Parkinson’s is an unfortunate part of many people’s lives. On average, 60,000 Americans are diagnosed with Parkinson’s disease every year. As people get older, they become more susceptible to neurological disease. But did you know that dogs can also suffer with neurological disorders?
Can dogs get Parkinson’s disease? Just like humans, dogs can get Parkinson’s disease. Whilst canine Parkinson’s is similar to the human disease in many ways, there are difference in the ways in which Parkinson’s disease affects dogs.
Parkinson’s disease in dogs
Canine Parkinson’s disease manifests in many similar symptoms to humans, such as tremors and a loss of balance. However, there are some key differences too.
In this guide, I’ll break down the differences between Parkinson’s disease in humans and dogs and the signs you should look out for. There are also some tips on how to care for your dog if they have unfortunately been diagnosed with Parkinson’s disease and neurological disorders.
Before we get into it, it’s important I stress that I am not a veterinarian. I am just a dog owner and lover. Please consult your professional veterinarian to verify any and all information in this article.
What is canine Parkinson’s disease in dogs?
Canine Parkinson’s disease is defined as a progressive neurological condition that dramatically affects motor function. In the simplest of terms, the nervous system is deteriorating which is causing issues with the patient’s movement.
Progressive means that it gets worse and worse as time goes on.
Whilst you might think it is more common for old dogs to get Parkinson’s disease, the truth is actually different as I will explain later.
How similar is canine Parkinson’s disease to the human condition?
Parkinson’s disease in dogs is very similar to how it affects humans.
Firstly, both unpredictably affect your movement. Both dogs and humans with this disease can expect to have sudden moments of stiffness. This could be any limb but also the face.
Equally, both can expect surprise tremors and shakes. This is often one of the first things owners notice in their dogs; a Parkinson like tremor in dogs or the dog shaking his head like Parkinson’s
The core of the disease is the same in both dogs and humans.
However, it is important to recognize the different ways Parkinson’s presents in dogs and humans.
A huge reason why Parkinson’s disease is difficult to spot in dogs in the early stages is because they don’t speak. Their faces also don’t express the same ways that ours do.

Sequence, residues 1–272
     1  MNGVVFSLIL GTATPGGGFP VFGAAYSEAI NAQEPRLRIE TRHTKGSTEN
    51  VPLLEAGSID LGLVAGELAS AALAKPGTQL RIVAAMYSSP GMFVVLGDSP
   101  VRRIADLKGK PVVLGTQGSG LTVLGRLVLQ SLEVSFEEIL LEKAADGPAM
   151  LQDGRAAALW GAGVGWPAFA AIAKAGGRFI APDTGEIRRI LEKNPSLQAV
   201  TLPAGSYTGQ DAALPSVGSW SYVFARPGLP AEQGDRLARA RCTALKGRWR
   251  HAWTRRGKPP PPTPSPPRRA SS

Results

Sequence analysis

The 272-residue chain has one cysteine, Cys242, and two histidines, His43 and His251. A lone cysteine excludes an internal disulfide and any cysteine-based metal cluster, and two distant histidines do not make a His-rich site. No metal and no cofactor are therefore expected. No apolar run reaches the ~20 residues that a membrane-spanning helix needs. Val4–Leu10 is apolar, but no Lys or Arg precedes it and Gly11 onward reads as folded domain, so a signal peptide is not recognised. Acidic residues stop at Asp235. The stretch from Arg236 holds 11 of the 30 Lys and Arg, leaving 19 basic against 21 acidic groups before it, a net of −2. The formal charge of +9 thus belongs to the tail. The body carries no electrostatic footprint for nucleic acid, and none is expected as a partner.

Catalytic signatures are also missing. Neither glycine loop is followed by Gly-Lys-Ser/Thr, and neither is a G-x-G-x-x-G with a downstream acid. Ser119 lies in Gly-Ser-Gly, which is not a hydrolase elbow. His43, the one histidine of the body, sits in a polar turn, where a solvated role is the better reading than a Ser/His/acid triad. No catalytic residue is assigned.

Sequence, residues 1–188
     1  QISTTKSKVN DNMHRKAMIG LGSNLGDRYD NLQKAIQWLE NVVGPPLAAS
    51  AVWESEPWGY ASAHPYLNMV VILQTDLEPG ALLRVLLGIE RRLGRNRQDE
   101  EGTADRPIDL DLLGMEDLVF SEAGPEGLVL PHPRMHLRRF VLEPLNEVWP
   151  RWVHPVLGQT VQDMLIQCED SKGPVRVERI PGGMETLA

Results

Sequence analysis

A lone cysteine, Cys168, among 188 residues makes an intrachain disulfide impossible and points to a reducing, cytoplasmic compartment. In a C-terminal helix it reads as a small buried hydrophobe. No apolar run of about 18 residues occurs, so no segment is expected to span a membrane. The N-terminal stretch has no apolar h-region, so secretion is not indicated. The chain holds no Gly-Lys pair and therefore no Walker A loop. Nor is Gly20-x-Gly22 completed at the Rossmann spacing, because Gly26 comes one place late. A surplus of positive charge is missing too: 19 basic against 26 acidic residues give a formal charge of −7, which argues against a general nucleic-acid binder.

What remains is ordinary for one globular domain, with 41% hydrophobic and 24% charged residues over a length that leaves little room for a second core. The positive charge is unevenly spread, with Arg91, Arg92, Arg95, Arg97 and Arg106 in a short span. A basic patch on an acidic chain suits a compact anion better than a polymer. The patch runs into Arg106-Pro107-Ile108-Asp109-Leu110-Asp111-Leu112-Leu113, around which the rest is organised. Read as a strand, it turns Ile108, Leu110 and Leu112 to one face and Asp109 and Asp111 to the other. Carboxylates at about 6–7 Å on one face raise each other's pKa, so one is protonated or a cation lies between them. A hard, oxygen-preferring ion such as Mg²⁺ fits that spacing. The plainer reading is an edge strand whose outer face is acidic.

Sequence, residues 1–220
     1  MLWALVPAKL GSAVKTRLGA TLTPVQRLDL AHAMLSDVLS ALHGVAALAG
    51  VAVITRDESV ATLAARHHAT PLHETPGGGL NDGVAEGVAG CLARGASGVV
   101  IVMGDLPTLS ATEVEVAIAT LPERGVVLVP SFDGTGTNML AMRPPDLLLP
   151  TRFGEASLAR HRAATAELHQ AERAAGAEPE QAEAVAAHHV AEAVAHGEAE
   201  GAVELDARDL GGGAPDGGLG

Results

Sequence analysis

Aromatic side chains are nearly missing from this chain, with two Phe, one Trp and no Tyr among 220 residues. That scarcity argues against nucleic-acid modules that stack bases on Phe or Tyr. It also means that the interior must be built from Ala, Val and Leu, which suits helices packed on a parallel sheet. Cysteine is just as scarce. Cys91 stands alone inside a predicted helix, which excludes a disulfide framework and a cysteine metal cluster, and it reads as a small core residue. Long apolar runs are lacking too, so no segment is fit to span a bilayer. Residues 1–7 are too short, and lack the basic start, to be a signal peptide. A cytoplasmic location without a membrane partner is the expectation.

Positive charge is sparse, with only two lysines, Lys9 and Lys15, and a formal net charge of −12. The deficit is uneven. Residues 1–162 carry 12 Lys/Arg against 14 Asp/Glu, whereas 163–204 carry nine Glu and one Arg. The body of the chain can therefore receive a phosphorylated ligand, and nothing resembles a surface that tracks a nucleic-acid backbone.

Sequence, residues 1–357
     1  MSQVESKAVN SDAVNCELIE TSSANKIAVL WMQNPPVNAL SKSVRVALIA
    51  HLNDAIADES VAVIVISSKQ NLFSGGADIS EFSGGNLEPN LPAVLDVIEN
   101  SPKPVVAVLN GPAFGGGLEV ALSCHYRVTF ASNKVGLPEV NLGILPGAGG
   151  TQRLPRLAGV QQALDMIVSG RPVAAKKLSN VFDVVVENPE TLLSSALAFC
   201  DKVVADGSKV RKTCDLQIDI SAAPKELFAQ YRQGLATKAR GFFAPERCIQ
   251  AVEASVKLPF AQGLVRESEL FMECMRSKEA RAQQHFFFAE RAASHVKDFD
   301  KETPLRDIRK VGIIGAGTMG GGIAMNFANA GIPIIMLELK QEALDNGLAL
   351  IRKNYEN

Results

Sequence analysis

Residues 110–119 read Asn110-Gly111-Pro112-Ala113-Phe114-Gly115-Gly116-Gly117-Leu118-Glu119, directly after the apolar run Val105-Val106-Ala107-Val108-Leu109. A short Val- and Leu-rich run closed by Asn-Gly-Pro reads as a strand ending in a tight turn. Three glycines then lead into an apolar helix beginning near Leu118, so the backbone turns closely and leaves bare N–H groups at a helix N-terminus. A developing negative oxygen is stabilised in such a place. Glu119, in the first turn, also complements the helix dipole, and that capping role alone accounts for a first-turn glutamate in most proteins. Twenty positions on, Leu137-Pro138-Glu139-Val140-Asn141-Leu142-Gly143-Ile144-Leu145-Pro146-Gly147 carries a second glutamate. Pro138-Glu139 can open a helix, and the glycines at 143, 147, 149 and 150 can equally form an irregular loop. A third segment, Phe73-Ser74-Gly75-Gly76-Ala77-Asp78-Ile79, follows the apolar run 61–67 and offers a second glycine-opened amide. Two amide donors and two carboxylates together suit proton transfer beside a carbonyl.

The first signs of Parkinson’s in humans are mostly not being able to move the face in the same way or slurred speech.
Unless you have a real-life Scooby-Doo in your life that is linguistically gifted, it’s most likely you won’t spot the signs of Parkinson’s in your dog until their limbs are affected with those Parkinson’s tremors I mentioned a moment ago.
Another critical difference is with the age groups that Parkinson’s most affects. As I said in the intro, it is usually the over 50’s that are affected by this pervasive disease in the human world.
In the dog world, Parkinson’s is actually more common in young dogs. It is even more distressing to see this as Parkinson’s has no real cure. This could eventually mean putting a young dog down with Parkinson’s disease, if symptoms rapidly worsen their quality of life.
How do I know if my dog has Parkinson’s disease?
Just how can you tell if your dog is suffering from Canine Parkinson’s disease and what are the signs to look out for? I’ve already touched upon tremors and head shaking, but there is more to it too.
Here is a useful list of important signals and symptoms to be aware of:
- Difficulty moving muscles and joints: In practice, this could look like stumbling or changes to your dog’s gait.
- Becoming stiff and inflexible: Is your dog struggling to get up when they are sitting down? Are they staying still for a long time uncomfortably?
- Involuntary tremors and head shakes: These are self-explanatory but it’s most clearly a sign if more than one leg is shaking uncontrollably. It may be causing your dog distress. Note, this is not the same as tremors during sleep. Hypnic jerks or sleep starts are very common in healthy dogs of all ages and breeds. It is a muscle twitch that many dogs get as they are falling asleep. Humans do it too! If you often sleep-in bed with a partner, you have probably felt them twitch once in a while. Nothing to worry about.